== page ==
Jacket Structure – As with Tripod foundation these are heavy lattice type of structures and can accommodate heavy turbines. Also, this foundation can be deployed at greater water depths.

Further, soil studies also plays an important role is wind farm projects. It is normal to obtain a borehole data prior to installing piles. Using the borehole data soil strength would be achieved and will be compared with the design load of the wind farm project and if the deign load is less than the soil capacity foundation is said to be adequate. It is recommended that minimum safety factor two should be achieved for operating conditions of the platform.

For foundation structures analyses should be undertaken to satisfy operating condition and extreme wave conditions. Extreme conditions are typically of 100 year return periods. In addition to the strength analysis fatigue calculations should be undertaken to fulfil twice the size of the design life of the structures.

2.1.2 Cables

One of the common problems in offshore wind sector is the risk associated with cables, which includes anchor damage from vessels, fishing trawler damage, sea motion and material damage, abrasion and reliability. This can be minimized by making sensible and well calculated routing calculations, protection of cables either by burial or concrete mat protection, dedicated wearing systems, appropriate design of cable/turbine interface and ample enough redundancies in the system.

It should also be noted that authorities sometimes do not allow trenching and jetting to be undertaken due to environmental consideration and instead require a deep burial of cables at a depth of 2 to 3 meters. Meaning that, clients were very often forced to work in harsh weather windows to fulfil their contract obligation

In addition, there will be operational challenges such as quality of the sea bed survey, weather and sea state conditions, shore landings, transfer of people ad cable pulling through tower structure. This would raise the project risk levels to high.

2.2 Literature review

Larsson has undertaken a comprehensive work on wind turbine and the main findings are as follows [8]:

A comprehensive assessment has been carried out on various type of wind turbines and the quality of the power where he has concluded that fluctuations caused by turbine may cause flicker disturbances.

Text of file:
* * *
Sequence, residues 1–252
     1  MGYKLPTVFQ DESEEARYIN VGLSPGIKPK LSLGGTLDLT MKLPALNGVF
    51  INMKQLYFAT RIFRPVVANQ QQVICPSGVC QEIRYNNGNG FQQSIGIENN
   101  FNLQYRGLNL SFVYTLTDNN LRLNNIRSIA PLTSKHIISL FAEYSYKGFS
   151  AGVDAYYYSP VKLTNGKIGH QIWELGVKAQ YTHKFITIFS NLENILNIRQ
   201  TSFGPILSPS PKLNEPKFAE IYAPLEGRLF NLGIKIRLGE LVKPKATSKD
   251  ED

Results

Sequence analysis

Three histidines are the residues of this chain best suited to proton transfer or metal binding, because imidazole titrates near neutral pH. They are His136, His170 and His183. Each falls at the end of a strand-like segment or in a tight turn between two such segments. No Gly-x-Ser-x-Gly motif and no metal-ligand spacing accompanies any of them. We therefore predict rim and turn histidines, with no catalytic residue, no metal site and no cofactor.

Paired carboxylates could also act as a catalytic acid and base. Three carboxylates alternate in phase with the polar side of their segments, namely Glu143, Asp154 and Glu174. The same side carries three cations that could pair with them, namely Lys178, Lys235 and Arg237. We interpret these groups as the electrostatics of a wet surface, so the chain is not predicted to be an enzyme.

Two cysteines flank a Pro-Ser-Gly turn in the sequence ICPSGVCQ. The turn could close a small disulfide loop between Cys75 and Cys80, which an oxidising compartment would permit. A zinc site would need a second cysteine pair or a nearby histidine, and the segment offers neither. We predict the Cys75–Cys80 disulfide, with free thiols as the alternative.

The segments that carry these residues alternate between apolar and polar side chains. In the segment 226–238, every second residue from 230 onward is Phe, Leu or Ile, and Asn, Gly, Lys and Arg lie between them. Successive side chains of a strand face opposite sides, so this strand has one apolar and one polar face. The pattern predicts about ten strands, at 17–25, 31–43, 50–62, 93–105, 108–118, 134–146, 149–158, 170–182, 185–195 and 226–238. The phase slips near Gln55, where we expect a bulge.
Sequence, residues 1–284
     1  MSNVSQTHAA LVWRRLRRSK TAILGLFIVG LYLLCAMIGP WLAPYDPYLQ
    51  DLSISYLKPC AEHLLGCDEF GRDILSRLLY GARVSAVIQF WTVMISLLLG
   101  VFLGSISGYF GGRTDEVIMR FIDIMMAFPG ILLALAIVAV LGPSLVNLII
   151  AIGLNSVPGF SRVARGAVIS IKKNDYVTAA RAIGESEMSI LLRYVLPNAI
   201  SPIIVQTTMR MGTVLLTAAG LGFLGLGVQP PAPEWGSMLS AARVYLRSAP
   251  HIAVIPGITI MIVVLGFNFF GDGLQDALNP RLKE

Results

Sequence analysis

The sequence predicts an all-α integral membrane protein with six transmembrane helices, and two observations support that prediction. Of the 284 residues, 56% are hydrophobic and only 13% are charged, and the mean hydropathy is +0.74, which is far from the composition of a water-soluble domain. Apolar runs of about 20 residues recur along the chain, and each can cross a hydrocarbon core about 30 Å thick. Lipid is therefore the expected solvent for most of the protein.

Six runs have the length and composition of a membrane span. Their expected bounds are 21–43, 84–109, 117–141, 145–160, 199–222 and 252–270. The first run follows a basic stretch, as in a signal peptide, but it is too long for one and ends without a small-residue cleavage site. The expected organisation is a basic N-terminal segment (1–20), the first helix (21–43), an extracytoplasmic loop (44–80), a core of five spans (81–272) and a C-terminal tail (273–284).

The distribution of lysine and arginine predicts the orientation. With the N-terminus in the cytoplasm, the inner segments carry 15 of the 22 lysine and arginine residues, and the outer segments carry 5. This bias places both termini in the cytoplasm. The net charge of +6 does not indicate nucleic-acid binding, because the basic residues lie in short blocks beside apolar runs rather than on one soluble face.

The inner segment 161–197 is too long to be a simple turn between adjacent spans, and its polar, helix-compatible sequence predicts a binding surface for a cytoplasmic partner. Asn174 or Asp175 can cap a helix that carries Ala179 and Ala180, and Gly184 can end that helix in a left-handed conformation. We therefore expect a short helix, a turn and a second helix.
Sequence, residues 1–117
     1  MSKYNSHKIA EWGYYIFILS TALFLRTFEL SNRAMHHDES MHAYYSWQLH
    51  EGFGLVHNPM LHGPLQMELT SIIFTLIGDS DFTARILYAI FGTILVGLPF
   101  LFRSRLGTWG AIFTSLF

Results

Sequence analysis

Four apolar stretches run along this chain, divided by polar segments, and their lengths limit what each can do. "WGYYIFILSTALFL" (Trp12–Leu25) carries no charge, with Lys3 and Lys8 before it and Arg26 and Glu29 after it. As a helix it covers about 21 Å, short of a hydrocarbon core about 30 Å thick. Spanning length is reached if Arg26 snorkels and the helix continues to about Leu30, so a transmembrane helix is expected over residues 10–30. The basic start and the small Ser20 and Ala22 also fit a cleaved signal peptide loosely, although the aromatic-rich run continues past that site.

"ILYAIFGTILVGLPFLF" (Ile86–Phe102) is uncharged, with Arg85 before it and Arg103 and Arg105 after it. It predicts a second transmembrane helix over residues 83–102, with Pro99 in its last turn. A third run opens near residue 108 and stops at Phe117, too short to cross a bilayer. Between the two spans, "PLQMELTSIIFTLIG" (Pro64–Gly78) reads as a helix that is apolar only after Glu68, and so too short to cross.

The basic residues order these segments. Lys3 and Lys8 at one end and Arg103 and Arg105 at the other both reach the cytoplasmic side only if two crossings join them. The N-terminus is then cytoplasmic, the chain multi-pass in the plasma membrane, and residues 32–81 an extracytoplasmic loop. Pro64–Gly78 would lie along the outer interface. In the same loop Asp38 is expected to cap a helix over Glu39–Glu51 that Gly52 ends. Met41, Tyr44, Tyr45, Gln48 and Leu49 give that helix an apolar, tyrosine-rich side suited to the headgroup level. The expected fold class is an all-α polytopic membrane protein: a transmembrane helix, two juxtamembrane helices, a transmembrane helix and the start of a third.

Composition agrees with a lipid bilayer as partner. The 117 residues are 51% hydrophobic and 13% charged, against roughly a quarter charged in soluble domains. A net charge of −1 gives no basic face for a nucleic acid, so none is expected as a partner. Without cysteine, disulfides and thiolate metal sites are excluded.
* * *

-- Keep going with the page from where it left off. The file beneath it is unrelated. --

Compared fixed-speed turbines and variable-speed turbine and the effect on power quality.

Cable reliability was studied by Takoudis[12] in depth where he reviewed failure rates of cables and electrical systems and assessed its reliability using Monte Carlo simulation. Main conclusions were: Although many studies were undertaken to study the reliability of the cable there still exist some issues and certainly there should be redundancy consideration during design of offshore wind project.

Carryer et al, studied the environmental risk for offshore wind farm both by the wind farm to the environment and form the environment to the wind farm and concluded at carful planning and regulatory involvement is critical. The author has also identified marine conditions, fishing, wild life and maintenance of the wind farms as key factors.

The effect of sea ice and icing on the turbine was studied in detail by Battisti et al [16]. The author has also studied the effect on floating ice on the structure and concluded that the ice loads will create additional vibration load to the structure and as a result life span of the structure may be affected. Further, ice mitigation systems such as: anti –freeze devices, reducing the sea actions should be implemented. Some countries have adapted a proactive approach to this issue for example, German and Danish regulatory authorities have addressed by stating that integrity of the wind farm structure should be checked for both extreme conditions including ices loading.

A study by Anderson revealed that clean energy in the last two decades has become a very competitive clean energy production and it will also fulfil a considerable amount of demand of many countries. He has also concluded that wind farm development will become as important as nuclear power in the future.

Further, several insurance submissions have been reviewed by various operators and the following summary was noted:

Severe weather: weather conditions are very important in the operational of offshore wind farms. These are typically wind, wave, lightening and earthquake. Excessive winds may affect the production electricity, as wind farm will automatically shut if wind speed exceeds certain threshold. Waves could be very damaging to the wind farm structures high waves may create wave impact forces on the structure and platform and may result in total failure. Earthquake will create inertia forces and will cause the structure to fail. If a structure is to be built on earthquake prone area it is important to design wind farms as earthquake resistant for at east 1000 year return period.

All the above risks can be minimized if all factors are considered and incorporated at design stages.

Lack of wind energy: This is mainly related to wind derivative and it is independent to the insurance product.

Third party verification: This is very important in any design or construction project. It is of utmost importance that all design calculations, drawings, installation procedures, load out procedures need to be verified by an independent third party. For construction projects normally warranty surveyor will be appointed by the underwriters to oversee the construction work and verify all their procedures and require their attendance for certain activities. Therefore it is always important to appoint a reputable warranty surveyor for the tasks.

2.2 Wind turbine and wind farm loss history

Woebbeking [5] summarised all wind farm related losses thus far and in particular summarised some main findings from the lessons learnt exercise: